1.2 First Steps To get matlab to work out 1 + 1, type the following at the prompt:

1+1 matlab responds with

The answer to the typed command is given the name ans. In fact ans is now a variable that you can use again. For example you can type

ans*ans ans = 4 matlab has updated the value of ans to be 4.

The spacing of operators in formulas does not matter. The following formulas both give the same answer:

The order of operations is made clearer to readers of your matlab code if you type carefully:

c© 2000 by CRC Press LLC

1.3 Matrices

The basic object that matlab deals with is a matrix. A matrix is an array of numbers. For example the following are matrices:

stands for 1 × 106—and the (3,2)-element is pi = π =3 .14159 |

The size of a matrix is the number of rows by the number of columns. The ﬁrst matrix is a 3×3 matrix. The (2,3)-element is one million—1e6 The second matrix is a row-vector, the third matrix is a column-vector containing the number i, which is a pre-deﬁned matlab variable equal to the square root of −1. The last matrix is a 1 × 1 matrix, also called a scalar.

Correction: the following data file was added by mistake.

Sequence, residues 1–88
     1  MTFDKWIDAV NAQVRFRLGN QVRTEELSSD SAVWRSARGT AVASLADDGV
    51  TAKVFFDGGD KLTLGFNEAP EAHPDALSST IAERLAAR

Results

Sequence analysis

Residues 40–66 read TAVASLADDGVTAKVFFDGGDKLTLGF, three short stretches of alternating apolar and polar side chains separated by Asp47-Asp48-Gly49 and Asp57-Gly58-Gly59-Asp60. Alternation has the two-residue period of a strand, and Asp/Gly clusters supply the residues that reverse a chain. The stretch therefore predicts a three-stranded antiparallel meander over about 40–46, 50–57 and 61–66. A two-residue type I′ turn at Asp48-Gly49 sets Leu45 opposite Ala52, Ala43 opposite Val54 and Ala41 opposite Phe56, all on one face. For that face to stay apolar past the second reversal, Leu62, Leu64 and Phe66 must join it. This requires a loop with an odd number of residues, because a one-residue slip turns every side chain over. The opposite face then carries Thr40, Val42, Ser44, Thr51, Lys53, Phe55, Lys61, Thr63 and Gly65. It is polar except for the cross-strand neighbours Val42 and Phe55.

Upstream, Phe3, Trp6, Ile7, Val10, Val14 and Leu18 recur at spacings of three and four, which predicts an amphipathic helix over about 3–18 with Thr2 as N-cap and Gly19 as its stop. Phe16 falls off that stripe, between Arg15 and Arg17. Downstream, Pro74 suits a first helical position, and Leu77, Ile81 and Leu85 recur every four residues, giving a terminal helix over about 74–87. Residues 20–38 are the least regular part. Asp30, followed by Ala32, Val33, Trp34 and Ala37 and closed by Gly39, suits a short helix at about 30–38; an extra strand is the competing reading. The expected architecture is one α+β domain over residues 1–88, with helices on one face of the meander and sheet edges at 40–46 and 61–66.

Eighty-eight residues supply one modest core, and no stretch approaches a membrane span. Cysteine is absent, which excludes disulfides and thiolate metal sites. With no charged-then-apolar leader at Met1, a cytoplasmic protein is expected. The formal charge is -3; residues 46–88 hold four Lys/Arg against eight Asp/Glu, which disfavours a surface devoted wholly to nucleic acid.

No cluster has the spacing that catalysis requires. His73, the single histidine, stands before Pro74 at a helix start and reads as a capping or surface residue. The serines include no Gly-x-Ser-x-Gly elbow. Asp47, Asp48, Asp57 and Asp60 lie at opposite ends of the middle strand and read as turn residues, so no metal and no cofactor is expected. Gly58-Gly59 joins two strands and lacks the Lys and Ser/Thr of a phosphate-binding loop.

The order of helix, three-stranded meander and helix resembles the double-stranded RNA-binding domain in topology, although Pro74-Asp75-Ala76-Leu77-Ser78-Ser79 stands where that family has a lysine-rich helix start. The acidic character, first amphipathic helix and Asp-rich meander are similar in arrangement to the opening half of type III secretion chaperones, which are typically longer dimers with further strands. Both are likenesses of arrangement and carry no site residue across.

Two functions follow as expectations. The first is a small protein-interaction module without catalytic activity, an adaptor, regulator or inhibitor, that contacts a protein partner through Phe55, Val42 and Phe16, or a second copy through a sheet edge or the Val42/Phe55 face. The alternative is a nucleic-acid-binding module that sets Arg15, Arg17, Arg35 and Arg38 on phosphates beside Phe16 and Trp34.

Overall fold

Variables in matlab are named objects that are assigned using the equals sign = . They are limited to 31 characters and can contain upper and lowercase letters, any number of ‘_’ characters, and numerals. They may not start with a numeral. matlab is case sensitive: A and a are diﬀerent variables. The following are valid matlab variable assignments:

a=1 speed = 1500 BeamFormerOutput_Type1 = v*Q*v’ name = ’John Smith’

These are invalid assignments:

2for1 = ’yes’ first one = 1

To assign a variable without getting an echo from matlab end the assignment with a semi-colon ;. Try typing the following: